ISSN (Print) - 0012-9976 | ISSN (Online) - 2349-8846

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Few Universal Solutions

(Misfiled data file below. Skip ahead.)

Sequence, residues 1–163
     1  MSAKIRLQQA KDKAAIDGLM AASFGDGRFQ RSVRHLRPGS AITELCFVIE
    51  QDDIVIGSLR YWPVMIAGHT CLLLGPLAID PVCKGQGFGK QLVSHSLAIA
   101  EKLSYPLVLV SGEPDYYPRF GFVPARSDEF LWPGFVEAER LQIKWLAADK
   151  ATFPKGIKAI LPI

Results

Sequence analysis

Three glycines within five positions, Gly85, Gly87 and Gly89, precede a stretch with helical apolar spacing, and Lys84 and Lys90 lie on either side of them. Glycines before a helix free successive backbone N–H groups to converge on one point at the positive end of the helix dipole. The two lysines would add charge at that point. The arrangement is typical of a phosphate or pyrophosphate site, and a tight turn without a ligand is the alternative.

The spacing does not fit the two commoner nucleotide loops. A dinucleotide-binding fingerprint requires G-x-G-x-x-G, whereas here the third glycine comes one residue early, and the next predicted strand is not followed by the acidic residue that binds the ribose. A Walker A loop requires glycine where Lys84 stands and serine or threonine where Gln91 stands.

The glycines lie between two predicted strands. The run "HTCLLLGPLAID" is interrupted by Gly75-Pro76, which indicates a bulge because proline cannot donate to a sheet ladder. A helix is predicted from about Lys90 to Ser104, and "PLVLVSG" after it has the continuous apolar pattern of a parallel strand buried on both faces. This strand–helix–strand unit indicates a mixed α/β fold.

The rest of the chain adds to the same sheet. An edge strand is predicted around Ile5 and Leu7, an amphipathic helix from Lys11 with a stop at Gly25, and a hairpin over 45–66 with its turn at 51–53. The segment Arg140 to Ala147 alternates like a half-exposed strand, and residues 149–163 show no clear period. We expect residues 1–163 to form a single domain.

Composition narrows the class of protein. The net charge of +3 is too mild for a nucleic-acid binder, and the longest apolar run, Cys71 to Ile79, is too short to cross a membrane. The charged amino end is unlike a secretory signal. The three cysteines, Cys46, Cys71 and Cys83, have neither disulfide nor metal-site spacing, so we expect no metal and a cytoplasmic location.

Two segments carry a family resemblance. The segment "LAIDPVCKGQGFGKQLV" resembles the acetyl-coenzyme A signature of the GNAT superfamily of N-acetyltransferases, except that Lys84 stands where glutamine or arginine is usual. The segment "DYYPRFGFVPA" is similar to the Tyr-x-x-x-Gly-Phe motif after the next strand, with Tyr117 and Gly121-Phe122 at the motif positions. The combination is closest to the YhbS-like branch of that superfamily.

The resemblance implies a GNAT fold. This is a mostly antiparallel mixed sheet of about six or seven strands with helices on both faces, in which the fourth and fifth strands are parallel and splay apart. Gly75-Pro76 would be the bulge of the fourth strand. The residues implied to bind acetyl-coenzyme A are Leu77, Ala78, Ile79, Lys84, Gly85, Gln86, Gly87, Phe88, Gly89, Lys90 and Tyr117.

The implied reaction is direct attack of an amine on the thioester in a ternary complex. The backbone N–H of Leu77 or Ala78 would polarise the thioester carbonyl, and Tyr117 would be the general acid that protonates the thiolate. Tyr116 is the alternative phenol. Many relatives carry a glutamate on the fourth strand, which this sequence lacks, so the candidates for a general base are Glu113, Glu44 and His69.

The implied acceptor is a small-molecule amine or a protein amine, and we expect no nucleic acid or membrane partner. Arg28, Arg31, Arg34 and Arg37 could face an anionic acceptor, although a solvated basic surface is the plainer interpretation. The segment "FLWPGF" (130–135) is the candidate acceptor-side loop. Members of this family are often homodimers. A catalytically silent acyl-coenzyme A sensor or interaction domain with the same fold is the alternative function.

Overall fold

Few Universal Solutions Biswajit Dhar Economic and Social Survey of Asia and the Pacific, United Nations, New York, IN the past few years, the Asia-Pacific region has been the focal point of attention due to the remarkable growth performance of the newly industrialising countries even as the industrialised world was struggling to find a way out of the persevering recession. The economic dynamism exhibited by the former has prompted many to comment that the Asia-Pacific region would emerge as the new growth centre of the global economy. This view has found support in more recent years as the growth syndrome of the NICs has had a spread effect with the countries of south-east Asia showing similar economic performance. Coexisting with these dynamic countries is another set of countries in the region that arc among the poorest in the world and for whom stepping up of economic growth has become a daunting task. Yet another dimension of Asia is provided by the central Asian republics which are in the midst of unparalleled economic decline. These contrasting faces of Asia are extensively documented by the ESCAP in its annual Economic and Social Survey of Asia and the Pacific. The latest survey, apart from providing a useful round-up of the Asia-Pacific economies, analyses in depth two of the more vexed issues of present times, viz, financial sector reforms and social security. What makes the Survey distinct from the other attempts made by intergovernmental organisations while addressing similar issues is its emphasis on the analytical content rather than on simple-minded prescriptions. By bringing forth the degree of variation in countries as regard these issues, the Survey gives an important message that there are no quick-fix solutions to such intricate problems as financial sector reforms. The macro-economic overview of the region has been provided by considering a mi x of analytical and subregional categories of countries. Thus, while the least developed countries (LDCs) and the developed countries have been treated separately, the remaining countnes have been classified according to the sub-regions to which they belong A point worth considering here is whether strict analytical categories would have been better suited for the purpose than the mix of categories stated above. This could have been done in the Survey without making any significant reclassification of the countries since the sub-regions are broadly found to conform to analytical categories. Thus, south Asia comprises essentially the low income countries, south-east Asia of the middle income countries and the central Asian republics of the economies in transition. Countries of the sub-regions of east Asia and the Pacific can be reclassified into their appropriate analytical groups.

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